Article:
Wilhelm’s wife, Princess Hermine Reuss of Griez (Janet McTeer) dreams of returning to Germany, thinking that perhaps the rise of the Nazi Party would be a ways to secure the monarchy’s restoration, as the German public would like that as a check on the party’s power. In real life of course Wilhelm had no desire to return to Germany unless the monarchy was restored.did see the Nazis as a “necessary fever” before his potential return to the throne, and despised socialism with a passion (the Nazi Party’s full name was “National Socialist German Workers Party). Wilhelm eventually grew to despise Hitler, proclaiming, after hearing of the execution of a wife of a former Chancellor, “We have ceased to live under the rule of law and everyone must be prepared for the possibility that the Nazis will push their way in and put them up against the wall!” In describing Hitler, “There’s a man alone, without family, without children, without God… He builds legions, but he doesn’t build a nation. A nation is created by families, a religion, traditions: it is made up out of the hearts of mothers, the wisdom of fathers, the joy and the exuberance of children… For a few months I was inclined to believe in National Socialism. I thought of it as a necessary fever. And I was gratified to see that there were, associated with it for a time, some of the wisest and most outstanding Germans. But these, one by one, he has got rid of or even killed… He has left nothing but a bunch of shirted gangsters! This man could bring home victories to our people each year, without bringing them either glory or danger. But of our Germany, which was a nation of poets and musicians, of artists and soldiers, he has made a nation of hysterics and hermits, engulfed in a mob and led by a thousand liars or fanatics.”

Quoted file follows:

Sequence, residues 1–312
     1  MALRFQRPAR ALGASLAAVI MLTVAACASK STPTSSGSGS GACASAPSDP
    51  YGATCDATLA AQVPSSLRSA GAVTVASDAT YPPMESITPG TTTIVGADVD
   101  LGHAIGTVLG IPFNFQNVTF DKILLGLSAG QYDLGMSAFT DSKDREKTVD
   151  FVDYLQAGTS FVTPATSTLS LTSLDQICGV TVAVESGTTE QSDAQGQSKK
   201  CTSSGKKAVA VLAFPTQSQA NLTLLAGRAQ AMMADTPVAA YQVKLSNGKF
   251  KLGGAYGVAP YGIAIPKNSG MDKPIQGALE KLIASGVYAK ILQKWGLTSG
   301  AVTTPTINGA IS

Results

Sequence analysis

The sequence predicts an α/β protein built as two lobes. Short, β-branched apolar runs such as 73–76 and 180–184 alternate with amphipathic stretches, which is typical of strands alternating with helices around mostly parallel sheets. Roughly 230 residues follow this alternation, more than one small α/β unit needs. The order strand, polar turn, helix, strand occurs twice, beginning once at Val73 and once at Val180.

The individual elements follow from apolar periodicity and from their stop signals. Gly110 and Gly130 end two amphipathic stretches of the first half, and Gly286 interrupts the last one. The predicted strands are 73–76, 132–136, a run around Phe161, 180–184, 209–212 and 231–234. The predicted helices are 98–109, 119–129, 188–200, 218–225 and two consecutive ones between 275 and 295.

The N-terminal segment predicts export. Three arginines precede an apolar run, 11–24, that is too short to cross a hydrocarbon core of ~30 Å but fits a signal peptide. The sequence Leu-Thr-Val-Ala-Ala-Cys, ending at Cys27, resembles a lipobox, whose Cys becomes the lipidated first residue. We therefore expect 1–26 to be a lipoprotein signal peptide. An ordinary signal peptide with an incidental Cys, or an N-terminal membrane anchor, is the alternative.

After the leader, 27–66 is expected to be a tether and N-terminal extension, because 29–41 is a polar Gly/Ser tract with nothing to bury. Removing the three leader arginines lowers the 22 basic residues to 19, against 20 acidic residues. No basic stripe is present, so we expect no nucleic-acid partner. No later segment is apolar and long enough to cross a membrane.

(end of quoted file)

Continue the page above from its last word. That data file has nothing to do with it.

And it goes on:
The movie is an engaging narrative regarding the relationship between Brandt, Jong, and Wilhelm, the hunt for the English and or Dutch spies, and Brandt’s own conflicted feelings regarding his loyalty to his country and his disgust with many of its leaders. Brandt does not seem to care about if anyone is Jewish or not, just in simply doing his job as a German officer, even trying to simply ignore turning in Jews if possible. Jong is determined to fulfill her mission and strike back at the occupying German forces who have stolen her family, her country, and her people, Jewish and Dutch, away from her. Both struggle against these feelings with their own romantic desires however.